Guest

When I clicked that ad and watched it for the second time, it hit me no less. This time before the man was picking out winter coats I was teary, in anticipation of what was to come. This hits home for me based purely on my mind replacing that family with my own. Images rush into my head of picking up my Dad from the airport after being sent away for 6-12 months stints -“on course” as the military would say-. However I still enjoy the reference to the diverse culture, and the immigration that this country is founded on.… Read more »

TheCoolestCool
Guest

Thats great, I appreciate you sharing your story, Corey. When its all said and done, I think people like you are exactly who Tim Hortons was targeting. While multiculturalism is a part of the advertisement the core message is “family.” This advertisement is more about the Tim Hortons brand and what it represents. Whether or not you'll go out and by a Tim Hortons coffee is just only part the big picture. Couldn't agree with you more that “Tim Hortons screams Canada without having to say a word.” They've done some great work in communities all around Canada and have… Read more »

Mitchell McKenna
Guest

Agreed, a lot of canadian commercials showing their patriotic side. Little bit of a advertising gimmic, but I enjoy it. One of the best commercials I've seen from Tim's

TheCoolestCool
Guest

Its definitely becoming a gimic throughout the Olympics – But none the less. One that is working for a lot of the big brands putting them out there. Thanks for the Comment, I agree with you – Definitely one of the best commercials Tims has put out in a while.

Laura
Guest
Laura

As a Canadian woman who is in the process of sponsoring her West African husband, this commercial really hits home. This moment is what I am looking forward to, after the 18 months or so that Immigration Canada will put us through. (contrary to popular belief based on this commercial's YouTube comments, it is NOT easy for someone to immigrate here, even if they marry a Canadian!)I do not think it would have 1/10th the impact as a Starbucks commercial. This man has chosen to bring his family to the most incredible nation on earth, and he starts by giving… Read more »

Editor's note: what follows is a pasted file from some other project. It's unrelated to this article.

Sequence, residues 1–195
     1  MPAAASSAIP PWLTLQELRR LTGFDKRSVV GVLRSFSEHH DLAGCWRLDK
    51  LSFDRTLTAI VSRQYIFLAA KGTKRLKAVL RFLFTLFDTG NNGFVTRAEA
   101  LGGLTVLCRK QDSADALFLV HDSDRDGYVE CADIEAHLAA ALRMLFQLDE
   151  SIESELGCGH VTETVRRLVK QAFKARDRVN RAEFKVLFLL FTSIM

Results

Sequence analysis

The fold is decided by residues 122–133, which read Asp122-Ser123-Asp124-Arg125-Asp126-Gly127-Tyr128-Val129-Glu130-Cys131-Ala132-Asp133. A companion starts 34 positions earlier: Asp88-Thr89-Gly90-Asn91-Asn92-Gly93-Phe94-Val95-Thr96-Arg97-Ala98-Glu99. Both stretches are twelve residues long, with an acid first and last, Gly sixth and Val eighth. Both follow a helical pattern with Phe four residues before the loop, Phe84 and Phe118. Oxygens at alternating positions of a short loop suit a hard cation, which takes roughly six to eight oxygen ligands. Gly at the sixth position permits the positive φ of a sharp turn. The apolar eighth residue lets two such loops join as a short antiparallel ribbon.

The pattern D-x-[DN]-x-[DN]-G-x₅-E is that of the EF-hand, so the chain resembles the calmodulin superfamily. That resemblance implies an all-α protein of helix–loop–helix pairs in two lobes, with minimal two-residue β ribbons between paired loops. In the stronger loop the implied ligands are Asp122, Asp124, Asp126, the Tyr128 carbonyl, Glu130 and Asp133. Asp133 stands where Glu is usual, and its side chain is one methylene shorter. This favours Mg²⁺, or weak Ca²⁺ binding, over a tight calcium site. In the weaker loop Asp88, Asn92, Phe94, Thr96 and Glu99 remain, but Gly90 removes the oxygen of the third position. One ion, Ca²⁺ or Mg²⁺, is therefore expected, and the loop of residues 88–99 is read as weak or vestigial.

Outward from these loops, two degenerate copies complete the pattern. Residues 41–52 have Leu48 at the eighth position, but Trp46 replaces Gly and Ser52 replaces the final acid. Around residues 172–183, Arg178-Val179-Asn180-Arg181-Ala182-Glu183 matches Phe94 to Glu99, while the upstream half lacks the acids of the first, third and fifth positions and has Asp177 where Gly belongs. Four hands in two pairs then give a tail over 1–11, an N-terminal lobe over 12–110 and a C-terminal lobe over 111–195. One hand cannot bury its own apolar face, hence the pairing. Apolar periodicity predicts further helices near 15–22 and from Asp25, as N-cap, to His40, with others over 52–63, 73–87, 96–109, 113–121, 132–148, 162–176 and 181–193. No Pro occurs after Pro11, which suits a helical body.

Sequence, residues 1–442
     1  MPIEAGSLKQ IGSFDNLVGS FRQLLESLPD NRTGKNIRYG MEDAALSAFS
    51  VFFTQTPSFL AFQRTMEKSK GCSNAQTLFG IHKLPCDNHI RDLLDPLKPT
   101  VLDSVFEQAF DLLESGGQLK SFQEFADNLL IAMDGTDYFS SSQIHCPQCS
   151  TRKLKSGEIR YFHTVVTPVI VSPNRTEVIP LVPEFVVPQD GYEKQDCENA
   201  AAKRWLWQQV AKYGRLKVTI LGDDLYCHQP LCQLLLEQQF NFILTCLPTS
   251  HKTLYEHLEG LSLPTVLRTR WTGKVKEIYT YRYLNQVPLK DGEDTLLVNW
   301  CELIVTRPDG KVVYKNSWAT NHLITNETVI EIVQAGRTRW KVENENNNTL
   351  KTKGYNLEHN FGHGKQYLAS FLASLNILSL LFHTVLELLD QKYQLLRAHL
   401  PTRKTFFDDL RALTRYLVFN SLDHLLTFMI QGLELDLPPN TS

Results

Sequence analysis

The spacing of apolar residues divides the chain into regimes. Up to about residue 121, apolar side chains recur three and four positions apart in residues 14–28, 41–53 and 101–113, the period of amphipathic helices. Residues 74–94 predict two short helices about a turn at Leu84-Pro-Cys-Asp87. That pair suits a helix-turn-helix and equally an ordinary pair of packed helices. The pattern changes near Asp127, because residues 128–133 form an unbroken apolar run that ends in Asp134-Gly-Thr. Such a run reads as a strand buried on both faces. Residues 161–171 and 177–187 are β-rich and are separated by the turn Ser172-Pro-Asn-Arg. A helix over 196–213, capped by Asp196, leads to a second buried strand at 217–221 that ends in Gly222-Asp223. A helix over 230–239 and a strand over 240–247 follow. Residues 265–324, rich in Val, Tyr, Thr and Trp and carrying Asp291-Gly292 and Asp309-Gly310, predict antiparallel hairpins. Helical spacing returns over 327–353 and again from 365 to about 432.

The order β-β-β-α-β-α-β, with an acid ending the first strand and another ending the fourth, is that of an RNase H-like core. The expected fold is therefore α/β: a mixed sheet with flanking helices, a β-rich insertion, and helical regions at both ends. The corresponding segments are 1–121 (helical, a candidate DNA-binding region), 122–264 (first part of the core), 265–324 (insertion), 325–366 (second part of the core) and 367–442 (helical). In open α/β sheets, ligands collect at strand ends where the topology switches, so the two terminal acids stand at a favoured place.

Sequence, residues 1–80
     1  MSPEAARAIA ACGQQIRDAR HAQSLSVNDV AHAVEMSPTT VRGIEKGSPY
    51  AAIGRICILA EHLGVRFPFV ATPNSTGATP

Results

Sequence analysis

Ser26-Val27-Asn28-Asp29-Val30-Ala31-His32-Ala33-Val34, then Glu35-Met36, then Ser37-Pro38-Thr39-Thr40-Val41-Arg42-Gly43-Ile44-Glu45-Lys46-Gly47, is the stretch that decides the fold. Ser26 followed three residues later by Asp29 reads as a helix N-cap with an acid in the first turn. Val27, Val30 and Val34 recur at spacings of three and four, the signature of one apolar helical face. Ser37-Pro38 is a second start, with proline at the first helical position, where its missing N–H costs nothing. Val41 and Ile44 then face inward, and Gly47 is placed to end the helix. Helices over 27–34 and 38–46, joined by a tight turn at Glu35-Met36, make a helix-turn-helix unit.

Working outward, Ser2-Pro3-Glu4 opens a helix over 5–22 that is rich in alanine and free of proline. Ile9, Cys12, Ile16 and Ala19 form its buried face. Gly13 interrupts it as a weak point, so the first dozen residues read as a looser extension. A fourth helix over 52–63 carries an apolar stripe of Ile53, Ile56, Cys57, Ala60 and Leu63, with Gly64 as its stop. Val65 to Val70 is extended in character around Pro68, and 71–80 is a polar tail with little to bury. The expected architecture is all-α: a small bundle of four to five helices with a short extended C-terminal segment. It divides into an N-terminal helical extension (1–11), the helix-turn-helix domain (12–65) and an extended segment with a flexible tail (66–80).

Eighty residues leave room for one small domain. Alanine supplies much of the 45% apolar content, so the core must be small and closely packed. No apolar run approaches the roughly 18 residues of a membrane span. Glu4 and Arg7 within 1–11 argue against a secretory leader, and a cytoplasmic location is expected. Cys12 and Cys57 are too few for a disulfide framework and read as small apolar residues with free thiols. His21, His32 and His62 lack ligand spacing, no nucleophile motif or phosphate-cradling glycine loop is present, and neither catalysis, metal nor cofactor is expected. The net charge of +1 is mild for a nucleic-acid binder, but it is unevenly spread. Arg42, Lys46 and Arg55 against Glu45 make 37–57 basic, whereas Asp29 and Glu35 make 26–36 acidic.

TheCoolestCool
Guest

Wow, thats great comment if I've ever seen one Laura! And an amazing story on top of everything else – Thanks for visiting the blog. The comments on the commercial definitely make it seem easy and knowing a few people who went through the process I know what they went through. I agree with your point about the impact being greater because its well, “Tims.” When someone walks into Starbucks I don't think they get an Patriotic feeling. With Tims however there's a connection between the brand and the Canadian culture. Appreciate your comment – Thanks for sharing your story… Read more »

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[…] telling. He tells his stories them in a way that Picasso would paint – You could say he makes art with […]

madsbunch
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madsbunch

This isl true emotional porn, and kind of double exploitative since it is designed to make the “Canadian feel good multiculturalist consumers” feel good about buying the coffee (like donating to a good cause, remembering the happily united, emotional black couple), and also explore the strong emotions of fear, hope, longing of newly landed immigrants. An appalling and exploitative way to earn some extra bugs. They should be forced to drop it.

TheCoolestCool
Guest

If by emotional porn you mean extremely effective and breath-taking…Then Yes, we agree. You lost me at the appalling and exploitative part though… The Ad is simply remarkable. It makes people feel good and makes people proud to be Canadian. Nothing appalling about it…

madsbunch
Guest
madsbunch

Remember this add is made to sell more coffee, to make money. It is exactly the feelings of you feeling good and proud to be Canadian, that Tim Horton's exploit to sell more coffee. There is nothing wrong with the story as such (it is beautiful in itself), only the fact that is has one goal: For Tim Hortons to sell more coffee. And that is where the dishonesty regarding the strong emotions it evokes kick in, and that is what I dont like about it….